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About the project

In June 2023, eight American Golden-Plovers (Pluvialis dominica) were equipped with 3.5-gram PinPoint GPS Argos tags (the world’s smallest GPS Argos tags) at Teshekpuk Lake Special Area in the Western Arctic. Fitting these eight individuals with GPS tags is the first step of the American Golden-Plover Southbound Migration Project—a study overseen by Manomet, Inc. and the Western Hemisphere Shorebird Reserve Network (WHSRN) and U.S. Fish and Wildlife Service-Alaska Region, with assistance from Audubon Alaska, Audubon's Boreal Conservation Program, Audubon Americas, and the Atlantic Flyway Shorebird Initiative.

The project will highlight the importance of migratory bird habitat by following the southbound route of the American Golden-Plover—a medium-sized, black-bellied wading bird—which makes one of the longest migration journeys of any shorebird. The species completes an elliptical migration pattern, essentially using two different migratory routes during their annual migration between breeding and wintering areas. Its journey starts in the Alaskan Arctic, courses through northern Canada to the North Atlantic, darts across the Atlantic Ocean, and winds up in Argentina. To return, it cuts through northern South America, across the Gulf of Mexico, through the middle contiguous U.S., then Canada, and returns to the Arctic tundra.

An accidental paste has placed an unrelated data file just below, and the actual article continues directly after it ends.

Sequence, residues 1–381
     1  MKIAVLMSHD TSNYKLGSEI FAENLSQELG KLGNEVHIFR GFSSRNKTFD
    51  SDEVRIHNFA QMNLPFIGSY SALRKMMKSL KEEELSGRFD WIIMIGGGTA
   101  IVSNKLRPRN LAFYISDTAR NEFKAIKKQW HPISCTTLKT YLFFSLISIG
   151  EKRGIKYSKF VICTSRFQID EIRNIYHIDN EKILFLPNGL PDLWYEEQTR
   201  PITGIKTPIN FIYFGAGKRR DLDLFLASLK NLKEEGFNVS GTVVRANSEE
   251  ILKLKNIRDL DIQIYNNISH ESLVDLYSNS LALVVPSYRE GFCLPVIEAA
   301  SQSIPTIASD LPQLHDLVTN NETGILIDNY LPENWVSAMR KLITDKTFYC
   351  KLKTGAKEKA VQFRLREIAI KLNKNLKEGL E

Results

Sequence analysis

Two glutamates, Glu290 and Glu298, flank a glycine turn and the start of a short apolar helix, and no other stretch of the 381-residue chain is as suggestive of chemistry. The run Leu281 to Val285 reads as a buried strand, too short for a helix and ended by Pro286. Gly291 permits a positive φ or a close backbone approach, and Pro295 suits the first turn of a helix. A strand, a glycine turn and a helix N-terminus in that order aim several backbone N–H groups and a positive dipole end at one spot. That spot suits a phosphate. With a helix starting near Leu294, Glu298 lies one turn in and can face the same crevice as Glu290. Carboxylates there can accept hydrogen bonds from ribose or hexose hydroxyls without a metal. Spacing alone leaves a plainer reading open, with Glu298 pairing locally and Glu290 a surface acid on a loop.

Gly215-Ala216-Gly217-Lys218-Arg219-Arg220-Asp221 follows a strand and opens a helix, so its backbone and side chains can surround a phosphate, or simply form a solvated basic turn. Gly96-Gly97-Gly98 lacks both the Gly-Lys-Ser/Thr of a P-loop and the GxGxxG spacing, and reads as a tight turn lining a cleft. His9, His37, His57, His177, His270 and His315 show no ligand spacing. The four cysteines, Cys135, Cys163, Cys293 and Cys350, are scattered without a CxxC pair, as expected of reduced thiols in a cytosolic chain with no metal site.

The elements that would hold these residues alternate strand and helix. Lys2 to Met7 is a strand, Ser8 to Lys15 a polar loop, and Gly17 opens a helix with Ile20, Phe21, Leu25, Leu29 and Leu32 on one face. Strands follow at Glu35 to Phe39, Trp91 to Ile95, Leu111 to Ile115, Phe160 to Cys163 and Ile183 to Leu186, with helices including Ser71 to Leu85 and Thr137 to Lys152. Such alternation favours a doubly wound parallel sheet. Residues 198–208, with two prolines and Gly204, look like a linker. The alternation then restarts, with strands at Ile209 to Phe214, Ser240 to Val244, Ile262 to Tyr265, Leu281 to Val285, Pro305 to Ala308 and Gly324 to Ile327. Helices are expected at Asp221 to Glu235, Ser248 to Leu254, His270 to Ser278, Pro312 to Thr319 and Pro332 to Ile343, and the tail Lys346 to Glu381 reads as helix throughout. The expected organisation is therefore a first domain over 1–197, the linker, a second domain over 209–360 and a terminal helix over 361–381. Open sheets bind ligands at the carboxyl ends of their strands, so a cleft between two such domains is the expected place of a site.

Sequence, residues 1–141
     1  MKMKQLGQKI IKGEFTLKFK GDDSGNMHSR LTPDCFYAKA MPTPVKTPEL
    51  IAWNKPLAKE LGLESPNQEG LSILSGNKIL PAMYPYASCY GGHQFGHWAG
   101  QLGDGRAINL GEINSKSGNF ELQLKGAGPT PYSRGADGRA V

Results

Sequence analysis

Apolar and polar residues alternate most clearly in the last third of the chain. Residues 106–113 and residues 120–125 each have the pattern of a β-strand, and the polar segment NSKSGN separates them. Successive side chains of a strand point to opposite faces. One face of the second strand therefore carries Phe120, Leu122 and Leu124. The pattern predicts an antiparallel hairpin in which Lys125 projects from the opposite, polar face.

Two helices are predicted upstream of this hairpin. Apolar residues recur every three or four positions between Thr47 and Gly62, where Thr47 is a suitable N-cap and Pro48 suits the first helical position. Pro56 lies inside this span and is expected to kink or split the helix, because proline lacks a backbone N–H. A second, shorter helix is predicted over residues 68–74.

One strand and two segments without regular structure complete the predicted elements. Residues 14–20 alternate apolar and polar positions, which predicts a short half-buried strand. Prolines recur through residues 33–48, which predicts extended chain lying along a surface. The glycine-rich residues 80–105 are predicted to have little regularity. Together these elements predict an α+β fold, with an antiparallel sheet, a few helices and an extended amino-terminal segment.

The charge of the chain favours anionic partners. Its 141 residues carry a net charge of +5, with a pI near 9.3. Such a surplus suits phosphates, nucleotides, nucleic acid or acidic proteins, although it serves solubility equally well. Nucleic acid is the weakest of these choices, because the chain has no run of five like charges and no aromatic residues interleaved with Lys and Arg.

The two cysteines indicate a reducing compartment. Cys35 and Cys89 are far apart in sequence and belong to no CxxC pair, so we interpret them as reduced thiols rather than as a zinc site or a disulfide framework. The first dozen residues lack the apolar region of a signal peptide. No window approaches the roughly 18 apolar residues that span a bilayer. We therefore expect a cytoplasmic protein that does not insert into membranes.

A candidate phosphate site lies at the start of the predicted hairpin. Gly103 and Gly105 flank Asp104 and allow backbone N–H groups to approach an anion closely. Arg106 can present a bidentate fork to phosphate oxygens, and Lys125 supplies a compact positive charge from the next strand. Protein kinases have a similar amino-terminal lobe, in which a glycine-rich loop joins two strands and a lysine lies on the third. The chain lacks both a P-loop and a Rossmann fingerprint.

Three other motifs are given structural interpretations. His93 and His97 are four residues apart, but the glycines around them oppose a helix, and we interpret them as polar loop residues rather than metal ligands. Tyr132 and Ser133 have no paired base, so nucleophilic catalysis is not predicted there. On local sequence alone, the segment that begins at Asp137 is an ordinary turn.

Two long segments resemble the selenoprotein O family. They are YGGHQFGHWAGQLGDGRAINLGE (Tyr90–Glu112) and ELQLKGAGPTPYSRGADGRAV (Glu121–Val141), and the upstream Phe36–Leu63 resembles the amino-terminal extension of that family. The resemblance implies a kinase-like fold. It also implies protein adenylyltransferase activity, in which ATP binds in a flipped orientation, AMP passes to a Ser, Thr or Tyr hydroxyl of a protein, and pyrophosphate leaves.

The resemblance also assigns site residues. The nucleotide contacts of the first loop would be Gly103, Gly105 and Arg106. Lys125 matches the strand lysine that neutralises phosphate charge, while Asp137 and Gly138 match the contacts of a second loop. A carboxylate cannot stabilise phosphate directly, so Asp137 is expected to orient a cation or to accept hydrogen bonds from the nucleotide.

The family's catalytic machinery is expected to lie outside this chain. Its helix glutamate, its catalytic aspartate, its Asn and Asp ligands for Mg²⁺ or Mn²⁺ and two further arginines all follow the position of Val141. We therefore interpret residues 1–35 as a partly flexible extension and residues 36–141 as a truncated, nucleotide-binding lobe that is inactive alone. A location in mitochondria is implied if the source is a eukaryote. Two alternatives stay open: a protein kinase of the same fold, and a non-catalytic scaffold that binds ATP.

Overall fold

This summer, during the post-breeding period, we’ll possibly detect the marked birds in the foothills of the Brooks Range or the Foxe Basin Peninsula in Canada. In late summer, the focus may shift to Hudson Bay and spots in New England. And from August through December, we may follow along through the upper Amazon in Brazil and coastal grasslands in Uruguay. The American Golden-Plover is a focal species for the Atlantic and Midcontinent shorebird conservation initiatives.


By tracking these eight individuals, Audubon Alaska and its partners hope to underscore important work, like the Program for Regional and International Shorebird Monitoring (PRISM), an international collaborative science and bird population estimate and trend monitoring program, and its current implementation in the Americas. On the conservation side, we’ll spotlight threats like oil and gas development, human disturbance, and climate change to the Arctic tundra—an essential region for breeding and migration.


Follow our eight individuals while focusing on the species’ post-breeding locations, staging areas, and stopover sites, and how the conservation of those places is vital to complete transoceanic migrations. This will highlight the accelerating decline of North America’s shorebirds, and how urgent conservation solutions are needed.

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